Encyclopedia of Shinto

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カテゴリー1: 5. Rites and Festivals
カテゴリー2: Rituals in Daily Life
Reisai, nensai
One of the events performed in Shintō for the ancestral spirits (soreisai). This event is held a fixed number of years after the funeral to remember the spirit of the deceased and is equivalent to the Buddhist memorial service (nenki hōyō). In Shintō the nensai is usually performed in the 1st, the 5th, and the 10th years, with the final one being held in the 50th year. The sequence of years when the ceremony is performed differs from that of Buddhism, but they share in common the characterstic of ending the rituals in a certain year. The final memorial service is commonly called nenki age or tomurai age. However, in today's Shintō this model does not necessarily always apply. There are cases where the spirit of the deceased is enshrined (gōshi) in the shrine of the ancestral spirits (soreisha, also see sorei) after the 1st year's memorial service, or that even after the 50th memorial service a nensai is held every 100th year. These types of ceremonies for paying respects to the deceased are closely connected with funeral rites. Funerals in a Shintō style (shinsōsai) were generally not sanctioned in the Edo period, so there were not many opportunities to perform reisai of this sort. However, some think that with the spread of the Shintō-style funeral in the Meiji period, the number of reisai also increased. The actual ceremonial rituals today include the offering of food and wine (shinsen), the reading of Shintō prayers (norito), and the presentation of a twig of the sacred sakaki tree decorated with paper strips (tamagushi).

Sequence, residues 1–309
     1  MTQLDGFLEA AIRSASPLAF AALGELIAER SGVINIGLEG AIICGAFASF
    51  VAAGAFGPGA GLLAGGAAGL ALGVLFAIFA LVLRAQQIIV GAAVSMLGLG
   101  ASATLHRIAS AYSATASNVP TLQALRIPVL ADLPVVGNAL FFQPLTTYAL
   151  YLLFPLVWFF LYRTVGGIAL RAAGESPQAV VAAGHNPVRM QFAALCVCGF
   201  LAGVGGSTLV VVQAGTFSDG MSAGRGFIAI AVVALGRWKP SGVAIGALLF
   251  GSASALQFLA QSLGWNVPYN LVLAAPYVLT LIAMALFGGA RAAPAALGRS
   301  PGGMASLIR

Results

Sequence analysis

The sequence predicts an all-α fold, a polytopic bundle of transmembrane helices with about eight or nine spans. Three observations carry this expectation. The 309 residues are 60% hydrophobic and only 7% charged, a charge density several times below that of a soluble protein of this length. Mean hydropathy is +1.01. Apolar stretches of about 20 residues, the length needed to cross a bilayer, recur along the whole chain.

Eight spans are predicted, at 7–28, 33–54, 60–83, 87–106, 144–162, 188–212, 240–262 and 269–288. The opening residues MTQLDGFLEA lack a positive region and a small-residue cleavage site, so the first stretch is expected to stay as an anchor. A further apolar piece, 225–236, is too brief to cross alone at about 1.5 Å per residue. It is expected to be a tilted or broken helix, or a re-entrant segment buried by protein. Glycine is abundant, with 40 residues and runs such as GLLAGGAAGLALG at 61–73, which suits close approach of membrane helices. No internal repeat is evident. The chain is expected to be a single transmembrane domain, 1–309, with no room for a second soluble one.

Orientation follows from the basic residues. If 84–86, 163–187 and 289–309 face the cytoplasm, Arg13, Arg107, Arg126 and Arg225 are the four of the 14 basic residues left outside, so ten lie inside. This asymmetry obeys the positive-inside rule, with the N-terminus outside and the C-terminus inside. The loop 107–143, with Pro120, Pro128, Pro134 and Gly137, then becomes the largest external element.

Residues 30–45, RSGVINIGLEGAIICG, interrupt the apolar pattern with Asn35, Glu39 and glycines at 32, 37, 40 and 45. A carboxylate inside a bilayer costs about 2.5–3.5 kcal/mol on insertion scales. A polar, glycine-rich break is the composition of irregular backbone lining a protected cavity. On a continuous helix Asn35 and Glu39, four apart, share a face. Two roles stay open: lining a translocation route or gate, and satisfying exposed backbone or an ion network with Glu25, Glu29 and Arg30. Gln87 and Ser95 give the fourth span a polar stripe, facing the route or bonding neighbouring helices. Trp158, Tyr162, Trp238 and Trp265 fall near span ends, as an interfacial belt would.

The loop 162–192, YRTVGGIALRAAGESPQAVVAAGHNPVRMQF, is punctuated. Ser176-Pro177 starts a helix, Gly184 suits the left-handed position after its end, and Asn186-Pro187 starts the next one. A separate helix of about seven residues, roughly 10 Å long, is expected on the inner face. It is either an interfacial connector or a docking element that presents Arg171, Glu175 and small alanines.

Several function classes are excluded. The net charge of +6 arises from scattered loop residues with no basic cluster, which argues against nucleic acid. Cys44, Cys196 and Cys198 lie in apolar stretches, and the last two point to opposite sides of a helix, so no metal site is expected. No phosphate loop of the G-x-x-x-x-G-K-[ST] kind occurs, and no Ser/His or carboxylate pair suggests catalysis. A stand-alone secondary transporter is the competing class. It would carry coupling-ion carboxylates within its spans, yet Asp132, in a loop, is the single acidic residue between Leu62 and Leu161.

See also Shinsōsai (Shinto Funeral Rites)
— Endō Jun

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